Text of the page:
Factors which contribute to the onset of insomnia
1. Predisposing, precipitating and perpetuating factors
A neurobiological model of insomnia, known as the Spielman model (also referred to as the 3-P model) defines predisposing, precipitating and perpetuating factors relating to insomnia. The model proposes that these factors are relevant to both the development and treatment of insomnia.
There have been many other models addressing the symptoms and various influencing factors of insomnia, a fair percentage of which focus on psychological and behavioural response patterns.
The Spielman model, is one that has been developed from clinical and basic neuroscience observations measuring activity patterns in specific regions of the brain. The model is structured in a manner which concludes that all psychological and behavioural patterns ultimately have neurobiological origins (i.e. behavioural patterns are expressions of brain region or circuit activity).
According to the model, relevant factors can be defined as follows: (6)
- Predisposing factors: These involve physiological factors, psychological diatheses (susceptibility to a specific condition) and genetic predisposition. Such factors may influence an occasional night of poor quality sleep, and not necessarily trigger insomnia.
- Precipitating factors: These include psychological stressors, as well as physiological and environmental factors that contribute to the development of acute insomnia symptoms. Such stressors or factors will arise in the form of a specific event, such as a trauma affecting a family, occupational stress or the development of a health issue. Precipitating factors are normally simple to pinpoint, either by a doctor or the person experiencing insomnia themselves.
- Perpetuating factors: These involve psychological, physiological, environmental and behavioural factors which persistently interfere with the re-establishment of normal sleep cycles. In this instance, such factors can lead to the development of chronic insomnia, even if a precipitating factor has been removed or resolved.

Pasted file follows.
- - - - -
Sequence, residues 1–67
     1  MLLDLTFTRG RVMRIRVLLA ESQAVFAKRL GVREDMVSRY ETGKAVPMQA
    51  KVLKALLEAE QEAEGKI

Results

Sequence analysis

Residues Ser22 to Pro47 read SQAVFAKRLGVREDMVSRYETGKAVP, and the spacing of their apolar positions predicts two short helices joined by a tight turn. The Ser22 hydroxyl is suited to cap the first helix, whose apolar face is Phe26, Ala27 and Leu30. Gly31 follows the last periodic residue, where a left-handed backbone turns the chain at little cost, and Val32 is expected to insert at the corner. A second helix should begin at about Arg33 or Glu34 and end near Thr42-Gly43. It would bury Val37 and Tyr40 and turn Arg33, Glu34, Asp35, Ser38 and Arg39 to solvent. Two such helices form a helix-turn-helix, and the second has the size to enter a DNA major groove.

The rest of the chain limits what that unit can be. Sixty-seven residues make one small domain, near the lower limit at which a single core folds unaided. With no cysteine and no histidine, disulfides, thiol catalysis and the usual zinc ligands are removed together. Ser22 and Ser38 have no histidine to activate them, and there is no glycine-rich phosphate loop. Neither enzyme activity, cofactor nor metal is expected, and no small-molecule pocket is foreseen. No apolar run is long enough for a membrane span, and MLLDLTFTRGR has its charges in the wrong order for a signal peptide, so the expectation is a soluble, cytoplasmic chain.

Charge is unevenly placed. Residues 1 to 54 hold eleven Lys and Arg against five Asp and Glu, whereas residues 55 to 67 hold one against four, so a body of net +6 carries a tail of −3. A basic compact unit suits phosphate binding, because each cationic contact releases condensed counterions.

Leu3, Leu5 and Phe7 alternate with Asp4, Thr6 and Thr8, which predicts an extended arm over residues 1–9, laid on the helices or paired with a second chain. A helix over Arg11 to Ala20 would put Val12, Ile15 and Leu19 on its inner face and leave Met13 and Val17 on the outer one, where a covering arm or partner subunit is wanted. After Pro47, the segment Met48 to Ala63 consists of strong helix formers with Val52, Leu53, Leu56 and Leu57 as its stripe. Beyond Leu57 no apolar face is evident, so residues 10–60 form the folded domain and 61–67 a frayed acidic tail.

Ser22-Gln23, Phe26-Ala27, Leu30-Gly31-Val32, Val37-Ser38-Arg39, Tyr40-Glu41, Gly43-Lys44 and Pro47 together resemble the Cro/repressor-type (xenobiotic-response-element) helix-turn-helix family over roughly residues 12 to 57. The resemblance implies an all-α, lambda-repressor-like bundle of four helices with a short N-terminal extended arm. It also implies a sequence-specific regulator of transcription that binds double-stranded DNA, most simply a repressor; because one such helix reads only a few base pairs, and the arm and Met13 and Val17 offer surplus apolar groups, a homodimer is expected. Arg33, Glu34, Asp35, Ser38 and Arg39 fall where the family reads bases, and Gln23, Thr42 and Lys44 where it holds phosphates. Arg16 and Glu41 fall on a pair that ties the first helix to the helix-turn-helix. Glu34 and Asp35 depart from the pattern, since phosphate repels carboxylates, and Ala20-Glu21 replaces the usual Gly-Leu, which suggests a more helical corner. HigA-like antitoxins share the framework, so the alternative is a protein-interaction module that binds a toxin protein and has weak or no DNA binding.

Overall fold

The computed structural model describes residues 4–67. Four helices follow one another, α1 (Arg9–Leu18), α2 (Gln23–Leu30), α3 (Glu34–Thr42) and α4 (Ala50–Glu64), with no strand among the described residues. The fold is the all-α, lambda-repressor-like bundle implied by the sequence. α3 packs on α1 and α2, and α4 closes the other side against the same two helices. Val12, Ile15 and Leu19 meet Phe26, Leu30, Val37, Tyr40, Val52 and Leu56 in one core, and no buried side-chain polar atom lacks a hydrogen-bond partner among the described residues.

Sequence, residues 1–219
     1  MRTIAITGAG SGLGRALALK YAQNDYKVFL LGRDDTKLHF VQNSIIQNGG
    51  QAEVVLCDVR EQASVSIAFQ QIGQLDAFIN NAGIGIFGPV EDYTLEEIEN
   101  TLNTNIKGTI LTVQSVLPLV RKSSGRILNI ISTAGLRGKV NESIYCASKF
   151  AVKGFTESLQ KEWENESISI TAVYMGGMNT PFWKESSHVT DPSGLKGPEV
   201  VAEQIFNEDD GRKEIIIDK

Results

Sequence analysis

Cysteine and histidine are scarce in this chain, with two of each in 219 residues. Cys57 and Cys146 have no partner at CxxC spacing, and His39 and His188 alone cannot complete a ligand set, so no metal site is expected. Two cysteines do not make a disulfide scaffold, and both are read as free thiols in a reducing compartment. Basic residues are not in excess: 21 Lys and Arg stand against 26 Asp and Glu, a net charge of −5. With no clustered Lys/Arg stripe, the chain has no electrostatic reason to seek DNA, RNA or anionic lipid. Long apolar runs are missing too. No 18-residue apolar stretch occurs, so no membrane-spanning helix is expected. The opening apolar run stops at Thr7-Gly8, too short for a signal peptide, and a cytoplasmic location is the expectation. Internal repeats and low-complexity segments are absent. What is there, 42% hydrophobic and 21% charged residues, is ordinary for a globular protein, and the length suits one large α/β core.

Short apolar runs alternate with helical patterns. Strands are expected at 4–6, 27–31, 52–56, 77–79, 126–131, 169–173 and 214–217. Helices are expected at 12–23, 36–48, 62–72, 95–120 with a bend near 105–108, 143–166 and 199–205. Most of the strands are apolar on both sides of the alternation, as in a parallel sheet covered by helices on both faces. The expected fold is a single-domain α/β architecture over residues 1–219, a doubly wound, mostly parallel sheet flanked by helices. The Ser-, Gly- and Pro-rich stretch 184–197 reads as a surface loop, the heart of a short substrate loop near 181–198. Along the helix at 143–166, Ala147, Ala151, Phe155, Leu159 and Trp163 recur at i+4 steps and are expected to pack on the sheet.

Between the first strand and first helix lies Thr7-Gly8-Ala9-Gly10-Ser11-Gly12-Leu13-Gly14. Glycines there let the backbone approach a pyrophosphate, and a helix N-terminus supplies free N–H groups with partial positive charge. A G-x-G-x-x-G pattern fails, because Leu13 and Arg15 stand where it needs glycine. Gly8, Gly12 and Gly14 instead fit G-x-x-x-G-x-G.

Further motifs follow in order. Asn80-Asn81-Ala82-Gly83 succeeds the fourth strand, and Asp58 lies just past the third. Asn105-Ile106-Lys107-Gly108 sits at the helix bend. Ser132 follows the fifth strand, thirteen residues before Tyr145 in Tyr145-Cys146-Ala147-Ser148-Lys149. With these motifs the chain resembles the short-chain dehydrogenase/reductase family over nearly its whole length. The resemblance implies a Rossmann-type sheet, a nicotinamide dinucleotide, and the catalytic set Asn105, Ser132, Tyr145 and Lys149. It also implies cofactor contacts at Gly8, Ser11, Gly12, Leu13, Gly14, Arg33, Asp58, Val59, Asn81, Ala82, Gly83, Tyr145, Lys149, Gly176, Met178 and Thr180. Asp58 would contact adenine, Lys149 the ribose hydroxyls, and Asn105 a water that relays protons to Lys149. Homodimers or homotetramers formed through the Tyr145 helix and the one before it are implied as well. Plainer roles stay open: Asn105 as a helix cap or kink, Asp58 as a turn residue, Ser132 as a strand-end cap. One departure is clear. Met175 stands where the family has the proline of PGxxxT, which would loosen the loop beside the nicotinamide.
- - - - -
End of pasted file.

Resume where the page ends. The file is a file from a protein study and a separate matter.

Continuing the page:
For example, behavioural factors can easily perpetuate persistent insomnia. Often, people struggling with ongoing insomnia attempt to compensate for sleep that is lost by changing their behavioural patterns. Many may try and make up for lost sleep by deliberately staying in bed for longer periods (whether awake or asleep), sleeping in, or taking naps during the day. This doesn’t usually achieve the desired effect and instead, fragments sleep further, worsening symptoms.
Excessive worrying is also typical of people with persistent or chronic insomnia, leading to obsessive behaviours relating to sleep. Such behaviours tend to exacerbate sleep disruptions, as well as reduce a person’s natural homeostatic drive, which impacts a normal or habitual sleeping time.
It’s not uncommon for such individuals to develop conditioned arousal to specific stimuli they would normally associate with sleep, thus stimulating anxiety about going to sleep as a result. Anxiety breeds increased agitation and ruminative thoughts at a time when a person would normally wish to be asleep.
The Spielman model is a useful analytical tool to help clinically identify problems with targeted treatment measures. It is widely agreed that this model is structured in a way that has an integrated and flexible view of insomnia, taking into appropriate consideration all relating factors.
A complex network of genes is believed to be responsible for the process of sleep, instead of just one type or even a subset of genes. Along with genes, signalling pathways and neurotransmitters also play a role in wakefulness.